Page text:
At the Aug. 27 meeting of the Humboldt County Board of Supervisors, First District Supervisor Rex Bohn introduced a measure calling for the creation of a citizen advisory council on climate action. Such a council, it is hoped, can provide a significant additional voice to a process — the creation of a climate action plan (CAP) for Humboldt County — that local governments have been developing for several months. Bohn invited my wife Jane Lapiner and I to help present the new concept to the board and potentially field some of the questions that might arise.
We, in turn, asked Walter Smith from Willits to participate. Walter, who has been a forest certifier worldwide for the Rainforest Alliance, recently played a role in a successful effort to initiate a similar climate advisory council in Mendocino County. It should be noted that despite its progress in establishing a citizen advisory committee, Mendocino County has not yet organized its planning process into a Climate Action Plan to the degree that Humboldt has. Since the creation of such a plan is now a state mandate for all counties, Mendocino will soon catch up.
Jane and I have been addressing climate change issues in various ways for the past 20 years, including the creation of several pieces of comic theater that have been performed nationally and internationally. I have helped initiate projects to restore salmon runs in the Mattole watershed and have served as president of the board of the Institute for Sustainable Forestry.
In all but one of the last 10 years, Jane and I have also traveled to the annual U.N. Framework Convention on Climate Change, an event attended by representatives from 197 countries. Usually 20,000 or more people show up: heads of state, diplomats, climate activists, nonprofiteers, more than 2,000 members of the press and a variety of conference devotees, including astrophysicists, carbon accountants and oil industry rationalists.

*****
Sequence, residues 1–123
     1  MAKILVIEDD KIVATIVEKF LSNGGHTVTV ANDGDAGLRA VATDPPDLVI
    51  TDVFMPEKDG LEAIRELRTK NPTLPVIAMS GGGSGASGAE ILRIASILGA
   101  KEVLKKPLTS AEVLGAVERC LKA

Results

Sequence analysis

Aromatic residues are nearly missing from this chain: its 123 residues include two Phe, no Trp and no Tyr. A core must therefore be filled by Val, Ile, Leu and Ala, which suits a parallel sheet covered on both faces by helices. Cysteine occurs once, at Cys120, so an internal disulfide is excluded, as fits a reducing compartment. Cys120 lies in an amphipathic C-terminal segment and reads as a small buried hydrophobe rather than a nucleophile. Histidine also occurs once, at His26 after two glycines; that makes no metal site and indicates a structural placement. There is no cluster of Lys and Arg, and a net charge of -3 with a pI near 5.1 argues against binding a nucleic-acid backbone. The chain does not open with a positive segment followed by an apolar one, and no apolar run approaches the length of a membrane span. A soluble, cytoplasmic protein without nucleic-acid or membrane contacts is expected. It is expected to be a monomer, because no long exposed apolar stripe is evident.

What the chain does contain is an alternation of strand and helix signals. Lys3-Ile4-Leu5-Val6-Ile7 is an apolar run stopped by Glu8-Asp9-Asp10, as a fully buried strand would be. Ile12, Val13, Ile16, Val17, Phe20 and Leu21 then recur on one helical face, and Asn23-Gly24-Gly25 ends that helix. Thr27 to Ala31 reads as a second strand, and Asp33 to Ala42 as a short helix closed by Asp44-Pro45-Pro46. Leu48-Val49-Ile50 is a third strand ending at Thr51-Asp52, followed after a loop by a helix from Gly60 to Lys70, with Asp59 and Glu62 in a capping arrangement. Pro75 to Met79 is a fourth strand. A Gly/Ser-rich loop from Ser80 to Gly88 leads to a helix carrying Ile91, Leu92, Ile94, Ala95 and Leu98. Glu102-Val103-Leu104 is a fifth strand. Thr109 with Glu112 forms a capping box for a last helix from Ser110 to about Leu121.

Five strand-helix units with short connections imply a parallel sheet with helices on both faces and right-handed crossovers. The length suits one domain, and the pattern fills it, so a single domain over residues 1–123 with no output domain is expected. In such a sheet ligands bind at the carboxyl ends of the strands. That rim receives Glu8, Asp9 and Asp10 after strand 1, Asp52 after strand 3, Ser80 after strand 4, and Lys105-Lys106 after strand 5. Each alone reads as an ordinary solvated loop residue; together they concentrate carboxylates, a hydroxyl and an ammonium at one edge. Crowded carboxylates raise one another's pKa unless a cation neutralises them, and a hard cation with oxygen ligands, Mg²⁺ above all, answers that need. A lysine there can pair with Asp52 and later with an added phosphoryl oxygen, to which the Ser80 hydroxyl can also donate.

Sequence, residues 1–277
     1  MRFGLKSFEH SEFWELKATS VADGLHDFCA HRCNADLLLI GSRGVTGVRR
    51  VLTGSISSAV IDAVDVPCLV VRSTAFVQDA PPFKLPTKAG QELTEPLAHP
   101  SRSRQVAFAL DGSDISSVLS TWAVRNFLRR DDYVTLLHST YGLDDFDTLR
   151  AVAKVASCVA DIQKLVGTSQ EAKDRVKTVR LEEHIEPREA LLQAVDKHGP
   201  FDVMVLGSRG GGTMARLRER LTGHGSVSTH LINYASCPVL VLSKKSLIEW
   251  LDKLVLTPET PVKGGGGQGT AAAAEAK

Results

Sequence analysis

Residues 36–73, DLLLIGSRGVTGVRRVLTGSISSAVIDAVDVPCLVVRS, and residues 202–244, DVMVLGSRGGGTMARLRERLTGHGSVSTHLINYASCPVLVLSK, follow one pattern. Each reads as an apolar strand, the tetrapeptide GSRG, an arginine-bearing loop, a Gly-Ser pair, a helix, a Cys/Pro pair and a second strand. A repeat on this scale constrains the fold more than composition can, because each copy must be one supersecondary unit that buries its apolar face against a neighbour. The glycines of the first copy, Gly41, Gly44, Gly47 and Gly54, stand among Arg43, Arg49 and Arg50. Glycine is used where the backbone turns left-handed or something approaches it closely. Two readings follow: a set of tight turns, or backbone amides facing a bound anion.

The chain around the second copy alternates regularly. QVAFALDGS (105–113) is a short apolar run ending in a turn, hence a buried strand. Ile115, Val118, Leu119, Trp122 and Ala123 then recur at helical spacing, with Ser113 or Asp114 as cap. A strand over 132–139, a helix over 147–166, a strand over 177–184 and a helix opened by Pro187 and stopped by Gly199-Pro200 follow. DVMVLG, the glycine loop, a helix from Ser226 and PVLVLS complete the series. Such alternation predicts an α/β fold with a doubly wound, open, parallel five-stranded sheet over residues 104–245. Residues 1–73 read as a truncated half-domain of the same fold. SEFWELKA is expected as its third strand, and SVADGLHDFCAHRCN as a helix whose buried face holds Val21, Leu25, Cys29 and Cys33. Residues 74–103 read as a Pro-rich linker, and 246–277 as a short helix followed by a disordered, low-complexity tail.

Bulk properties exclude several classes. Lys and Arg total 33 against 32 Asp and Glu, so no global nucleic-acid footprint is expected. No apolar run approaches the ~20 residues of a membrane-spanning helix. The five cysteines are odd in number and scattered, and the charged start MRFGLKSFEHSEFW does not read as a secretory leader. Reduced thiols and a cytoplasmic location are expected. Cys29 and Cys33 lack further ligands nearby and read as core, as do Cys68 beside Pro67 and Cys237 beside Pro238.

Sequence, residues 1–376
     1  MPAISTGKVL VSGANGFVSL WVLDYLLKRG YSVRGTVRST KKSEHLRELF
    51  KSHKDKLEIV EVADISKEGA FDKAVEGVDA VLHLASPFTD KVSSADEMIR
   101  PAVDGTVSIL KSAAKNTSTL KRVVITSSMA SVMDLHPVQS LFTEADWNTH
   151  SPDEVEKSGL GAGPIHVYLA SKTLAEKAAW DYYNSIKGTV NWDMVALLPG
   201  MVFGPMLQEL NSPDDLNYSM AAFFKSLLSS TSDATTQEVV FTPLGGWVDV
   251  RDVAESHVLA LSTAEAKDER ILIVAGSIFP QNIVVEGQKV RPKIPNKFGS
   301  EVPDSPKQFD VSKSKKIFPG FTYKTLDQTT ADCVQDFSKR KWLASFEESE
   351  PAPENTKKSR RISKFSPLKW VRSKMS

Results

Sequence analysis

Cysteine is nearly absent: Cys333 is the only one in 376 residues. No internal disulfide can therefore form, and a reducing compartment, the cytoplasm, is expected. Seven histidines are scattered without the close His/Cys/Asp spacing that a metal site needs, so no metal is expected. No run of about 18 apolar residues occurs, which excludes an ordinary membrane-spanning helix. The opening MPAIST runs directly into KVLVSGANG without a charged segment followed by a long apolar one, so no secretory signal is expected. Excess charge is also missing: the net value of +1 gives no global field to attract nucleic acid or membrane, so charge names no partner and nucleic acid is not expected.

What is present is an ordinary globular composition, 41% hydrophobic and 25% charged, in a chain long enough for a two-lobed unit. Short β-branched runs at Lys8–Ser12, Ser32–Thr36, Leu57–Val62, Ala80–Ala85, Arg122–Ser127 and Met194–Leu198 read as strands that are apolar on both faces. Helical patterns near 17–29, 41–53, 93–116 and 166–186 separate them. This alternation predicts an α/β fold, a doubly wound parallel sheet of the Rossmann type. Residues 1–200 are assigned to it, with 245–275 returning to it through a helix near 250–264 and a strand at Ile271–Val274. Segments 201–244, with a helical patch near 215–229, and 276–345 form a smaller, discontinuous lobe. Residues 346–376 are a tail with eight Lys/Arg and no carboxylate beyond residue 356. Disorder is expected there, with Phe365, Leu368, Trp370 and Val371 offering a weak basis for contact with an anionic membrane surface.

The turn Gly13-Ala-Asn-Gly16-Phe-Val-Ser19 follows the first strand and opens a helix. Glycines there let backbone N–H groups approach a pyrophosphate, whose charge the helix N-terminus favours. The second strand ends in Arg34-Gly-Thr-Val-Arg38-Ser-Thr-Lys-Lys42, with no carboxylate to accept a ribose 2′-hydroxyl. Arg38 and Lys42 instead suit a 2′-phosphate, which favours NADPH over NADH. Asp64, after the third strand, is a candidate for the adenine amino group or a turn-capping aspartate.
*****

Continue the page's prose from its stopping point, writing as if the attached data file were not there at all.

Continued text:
One fascinating aspect of these trips was that we often found ourselves not only in strange lands but in highly unfamiliar circumstances; that is, in large crowds of people who hadn't the slightest doubt as to the reality of climate change or its human origins. It was oddly disorienting — like the springiness astronauts must feel when they first leave the reach of the Earth's gravity.
Back home, this was rarely the case. Misinformation and overt silence in the press and often scathing denial among even many neighbors and friends came to seem close to the rule. Even as evidence of climate catastrophe had risen toward the irrefutable, complacency and inobservance were more the norm than deep concern.
This was a source of great frustration for us because we had learned conclusively from the world outside of Humboldt and the U.S. that climate catastrophe had already made significant headway against the planetary stability civilization rests upon. We have met people who have themselves already suffered grave losses — of loved ones, homes, well-being — and experienced desperation as life started to disintegrate around them in the face of the onslaught of surging climatic pressures. They know first-hand and with great force what we here seem as of yet hardly aware of at all.
Awareness of change, though, has finally, undeniably come. It is interesting to surmise what brought about the transformation here and when, but regardless, a significant portion of the populace of Humboldt County has, like much of the rest of the world, finally come to believe in human-induced climate change and even begun to take steps to respond in positive, life-affirming ways.
There are many still dangerous backwaters and eddies of denial that lurk just out of sight. There are still many who have not yet fully accepted even the bare-bones laws of physics, or who hold out too much hope that new technologies will apply the same laws to somehow save us.